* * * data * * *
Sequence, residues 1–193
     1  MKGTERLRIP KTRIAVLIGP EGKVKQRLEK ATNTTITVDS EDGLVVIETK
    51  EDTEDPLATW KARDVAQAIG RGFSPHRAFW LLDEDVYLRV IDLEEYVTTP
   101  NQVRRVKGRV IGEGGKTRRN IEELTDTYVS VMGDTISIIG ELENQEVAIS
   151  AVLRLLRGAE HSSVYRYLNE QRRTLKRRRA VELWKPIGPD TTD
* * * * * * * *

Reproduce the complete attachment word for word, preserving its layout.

Sequence, residues 1–193
     1  MKGTERLRIP KTRIAVLIGP EGKVKQRLEK ATNTTITVDS EDGLVVIETK
    51  EDTEDPLATW KARDVAQAIG RGFSPHRAFW LLDEDVYLRV IDLEEYVTTP
   101  NQVRRVKGRV IGEGGKTRRN IEELTDTYVS VMGDTISIIG ELENQEVAIS
   151  AVLRLLRGAE HSSVYRYLNE QRRTLKRRRA VELWKPIGPD TTD